However,  sickle cell anemia  can still have great clinical variability, that is, it manifests itself severely in some patients – which can lead to more serious and frequent complications – or represent a mild and even asymptomatic clinical condition.

The diagnosis occurs right at birth, in  the heel prick test . The treatment must be done since then, with the accompaniment of a medical board.

In some cases, bone marrow transplantation may be necessary during treatment to be able to replace the marrow that is unable to produce healthy red blood cells.

This type of anemia is more common in people of North African and Mediterranean populations. In Brazil, it is much more common in the black population.

Megaloblastic anemia

Megaloblastic anemia occurs when red blood cells (red blood cells) are larger than normal, as the cytoplasm does not divide properly, usually due to the lack of necessary nutrients, due to a deficiency of vitamin B12 or vitamin B9 ( folic acid )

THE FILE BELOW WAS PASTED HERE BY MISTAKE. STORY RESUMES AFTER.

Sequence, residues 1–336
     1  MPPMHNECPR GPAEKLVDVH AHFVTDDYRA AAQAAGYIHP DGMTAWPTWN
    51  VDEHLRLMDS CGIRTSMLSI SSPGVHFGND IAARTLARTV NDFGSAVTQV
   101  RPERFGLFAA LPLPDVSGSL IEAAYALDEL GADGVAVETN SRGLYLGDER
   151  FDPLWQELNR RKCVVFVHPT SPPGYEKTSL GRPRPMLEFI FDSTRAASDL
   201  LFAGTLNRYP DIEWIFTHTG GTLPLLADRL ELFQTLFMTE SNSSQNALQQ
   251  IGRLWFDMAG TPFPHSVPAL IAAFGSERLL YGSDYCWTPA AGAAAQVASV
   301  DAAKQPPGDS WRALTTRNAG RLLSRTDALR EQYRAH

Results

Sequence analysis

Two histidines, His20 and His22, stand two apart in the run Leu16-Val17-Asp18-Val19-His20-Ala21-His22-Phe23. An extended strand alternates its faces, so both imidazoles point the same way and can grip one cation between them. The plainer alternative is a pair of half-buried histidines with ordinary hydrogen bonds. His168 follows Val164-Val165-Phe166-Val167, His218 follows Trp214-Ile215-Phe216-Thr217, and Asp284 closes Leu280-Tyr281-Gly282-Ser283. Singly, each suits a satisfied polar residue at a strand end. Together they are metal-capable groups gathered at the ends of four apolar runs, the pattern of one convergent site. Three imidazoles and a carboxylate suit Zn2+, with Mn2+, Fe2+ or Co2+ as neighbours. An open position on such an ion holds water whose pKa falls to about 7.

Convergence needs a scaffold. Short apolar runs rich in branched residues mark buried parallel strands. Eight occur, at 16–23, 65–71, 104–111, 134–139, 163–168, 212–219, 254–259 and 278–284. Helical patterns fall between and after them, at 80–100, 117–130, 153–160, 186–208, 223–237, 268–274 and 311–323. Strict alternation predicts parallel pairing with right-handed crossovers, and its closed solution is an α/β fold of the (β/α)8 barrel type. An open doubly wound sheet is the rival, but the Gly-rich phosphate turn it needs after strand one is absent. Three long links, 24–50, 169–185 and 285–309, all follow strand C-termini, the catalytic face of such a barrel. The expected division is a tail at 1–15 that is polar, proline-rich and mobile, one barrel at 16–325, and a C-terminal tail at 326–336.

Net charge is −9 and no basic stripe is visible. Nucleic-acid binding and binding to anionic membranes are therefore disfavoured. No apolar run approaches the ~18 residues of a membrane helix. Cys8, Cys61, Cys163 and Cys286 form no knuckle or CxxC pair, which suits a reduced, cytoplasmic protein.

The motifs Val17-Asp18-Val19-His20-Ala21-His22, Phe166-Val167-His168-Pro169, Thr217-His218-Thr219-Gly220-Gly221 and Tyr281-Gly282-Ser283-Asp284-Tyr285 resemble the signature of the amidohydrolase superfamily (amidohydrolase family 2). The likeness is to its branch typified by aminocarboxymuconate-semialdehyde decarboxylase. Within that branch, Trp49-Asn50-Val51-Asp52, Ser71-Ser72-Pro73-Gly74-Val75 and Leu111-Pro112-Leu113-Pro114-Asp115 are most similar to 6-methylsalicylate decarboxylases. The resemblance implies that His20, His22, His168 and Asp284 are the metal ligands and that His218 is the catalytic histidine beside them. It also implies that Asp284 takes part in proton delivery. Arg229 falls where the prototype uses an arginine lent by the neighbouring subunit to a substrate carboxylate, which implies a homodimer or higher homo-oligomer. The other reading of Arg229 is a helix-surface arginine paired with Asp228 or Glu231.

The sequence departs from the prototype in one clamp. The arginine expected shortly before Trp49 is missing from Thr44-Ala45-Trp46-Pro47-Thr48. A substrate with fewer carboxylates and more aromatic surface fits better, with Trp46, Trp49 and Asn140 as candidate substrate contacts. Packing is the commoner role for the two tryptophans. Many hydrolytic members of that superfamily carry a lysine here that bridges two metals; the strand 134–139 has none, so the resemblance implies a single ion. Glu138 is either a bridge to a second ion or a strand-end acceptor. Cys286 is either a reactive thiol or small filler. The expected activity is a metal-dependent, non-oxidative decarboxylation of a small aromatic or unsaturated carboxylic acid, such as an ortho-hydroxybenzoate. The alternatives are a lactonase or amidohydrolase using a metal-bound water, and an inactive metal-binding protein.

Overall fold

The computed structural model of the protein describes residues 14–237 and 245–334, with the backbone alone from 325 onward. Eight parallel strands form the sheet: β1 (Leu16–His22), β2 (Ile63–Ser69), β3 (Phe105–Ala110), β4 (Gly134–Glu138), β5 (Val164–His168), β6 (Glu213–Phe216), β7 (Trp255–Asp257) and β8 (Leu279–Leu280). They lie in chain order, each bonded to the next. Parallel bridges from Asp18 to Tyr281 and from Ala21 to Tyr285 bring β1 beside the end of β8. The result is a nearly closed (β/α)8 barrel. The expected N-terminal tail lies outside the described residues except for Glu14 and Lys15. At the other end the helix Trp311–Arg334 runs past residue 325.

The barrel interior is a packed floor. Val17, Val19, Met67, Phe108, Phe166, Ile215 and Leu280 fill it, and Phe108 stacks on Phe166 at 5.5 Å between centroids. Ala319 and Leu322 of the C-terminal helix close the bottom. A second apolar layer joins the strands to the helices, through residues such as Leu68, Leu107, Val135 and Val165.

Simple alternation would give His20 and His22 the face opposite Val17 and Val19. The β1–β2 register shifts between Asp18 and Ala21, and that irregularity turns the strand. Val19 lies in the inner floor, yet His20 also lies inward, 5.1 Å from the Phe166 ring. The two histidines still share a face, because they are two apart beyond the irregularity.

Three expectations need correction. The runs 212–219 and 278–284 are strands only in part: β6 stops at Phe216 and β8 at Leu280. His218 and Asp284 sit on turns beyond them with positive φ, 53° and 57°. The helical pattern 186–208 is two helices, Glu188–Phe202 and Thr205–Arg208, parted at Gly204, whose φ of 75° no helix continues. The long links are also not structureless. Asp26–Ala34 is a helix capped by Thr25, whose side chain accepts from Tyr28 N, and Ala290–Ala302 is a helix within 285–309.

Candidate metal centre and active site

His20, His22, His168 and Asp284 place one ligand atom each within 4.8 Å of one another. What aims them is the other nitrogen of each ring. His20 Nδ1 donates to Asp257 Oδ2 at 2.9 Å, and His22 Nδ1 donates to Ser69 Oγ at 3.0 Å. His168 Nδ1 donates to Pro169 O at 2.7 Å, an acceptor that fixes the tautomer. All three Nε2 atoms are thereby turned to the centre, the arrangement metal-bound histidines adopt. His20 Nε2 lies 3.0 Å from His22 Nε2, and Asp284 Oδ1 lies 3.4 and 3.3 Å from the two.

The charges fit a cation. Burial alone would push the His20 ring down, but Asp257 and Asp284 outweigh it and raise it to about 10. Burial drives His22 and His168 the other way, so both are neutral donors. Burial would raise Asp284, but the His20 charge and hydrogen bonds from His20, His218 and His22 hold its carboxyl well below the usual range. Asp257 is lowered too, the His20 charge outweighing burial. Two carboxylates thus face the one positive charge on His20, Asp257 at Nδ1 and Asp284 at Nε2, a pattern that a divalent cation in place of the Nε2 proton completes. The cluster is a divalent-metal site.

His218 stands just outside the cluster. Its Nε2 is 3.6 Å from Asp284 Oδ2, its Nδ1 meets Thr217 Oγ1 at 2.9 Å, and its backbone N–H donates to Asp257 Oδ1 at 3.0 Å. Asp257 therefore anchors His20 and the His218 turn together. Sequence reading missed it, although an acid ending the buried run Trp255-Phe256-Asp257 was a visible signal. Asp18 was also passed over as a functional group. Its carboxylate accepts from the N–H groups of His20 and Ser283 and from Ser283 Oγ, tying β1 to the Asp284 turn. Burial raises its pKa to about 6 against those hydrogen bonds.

In addition to the variation in size, they are also less resistant and end up dying before the expected time.

This type of anemia is installed in the individual’s body due to the damage that the deficiency of these vitamins causes, because without them the body is not able to correctly perform the synthesis of thymine.

Thus, chromosomes are unable to duplicate and there is no cell division process (mitosis).

People with this condition may experience symptoms such as stomachache, tiredness ,  hair loss, mouth sores, in addition to the common symptoms of anemia, such as dizziness , weakness, dryness of the mucous membranes and pallor.

Pernicious anemia

The  pernicious anemia  is a type of megaloblastic anemia, which occurs when there is the absence of intrinsic factor (a substance produced by the stomach that aids in the digestion of food and B12 absorption in the gut).

Without the vitamin, red blood cells are produced incorrectly, dying prematurely, configuring the anemic condition.

Autoimmune factors, overuse of antacids, bariatric surgery or gastric changes may be responsible for the manifestation of the pernicious type.

Hemolytic anemias

There are different forms of hemolytic anemia, but it is characterized by the difficulty of the bone marrow in producing red blood cells that, for different reasons, are being destroyed before the appropriate time.